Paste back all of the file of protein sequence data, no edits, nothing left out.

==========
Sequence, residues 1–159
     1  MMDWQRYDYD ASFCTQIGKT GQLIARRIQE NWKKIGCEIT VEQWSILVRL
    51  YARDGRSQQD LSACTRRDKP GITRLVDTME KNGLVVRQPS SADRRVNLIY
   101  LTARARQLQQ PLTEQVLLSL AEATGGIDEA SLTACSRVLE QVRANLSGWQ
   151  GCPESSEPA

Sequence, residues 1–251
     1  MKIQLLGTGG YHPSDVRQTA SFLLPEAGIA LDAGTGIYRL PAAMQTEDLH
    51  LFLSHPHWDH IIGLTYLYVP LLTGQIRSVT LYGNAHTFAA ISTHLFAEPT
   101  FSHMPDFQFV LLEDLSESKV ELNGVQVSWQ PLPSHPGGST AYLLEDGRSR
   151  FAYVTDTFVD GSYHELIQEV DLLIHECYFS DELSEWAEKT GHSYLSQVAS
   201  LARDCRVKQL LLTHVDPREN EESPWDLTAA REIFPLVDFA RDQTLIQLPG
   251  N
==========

Sequence, residues 1–159
     1  MMDWQRYDYD ASFCTQIGKT GQLIARRIQE NWKKIGCEIT VEQWSILVRL
    51  YARDGRSQQD LSACTRRDKP GITRLVDTME KNGLVVRQPS SADRRVNLIY
   101  LTARARQLQQ PLTEQVLLSL AEATGGIDEA SLTACSRVLE QVRANLSGWQ
   151  GCPESSEPA

Sequence, residues 1–251
     1  MKIQLLGTGG YHPSDVRQTA SFLLPEAGIA LDAGTGIYRL PAAMQTEDLH
    51  LFLSHPHWDH IIGLTYLYVP LLTGQIRSVT LYGNAHTFAA ISTHLFAEPT
   101  FSHMPDFQFV LLEDLSESKV ELNGVQVSWQ PLPSHPGGST AYLLEDGRSR
   151  FAYVTDTFVD GSYHELIQEV DLLIHECYFS DELSEWAEKT GHSYLSQVAS
   201  LARDCRVKQL LLTHVDPREN EESPWDLTAA REIFPLVDFA RDQTLIQLPG
   251  N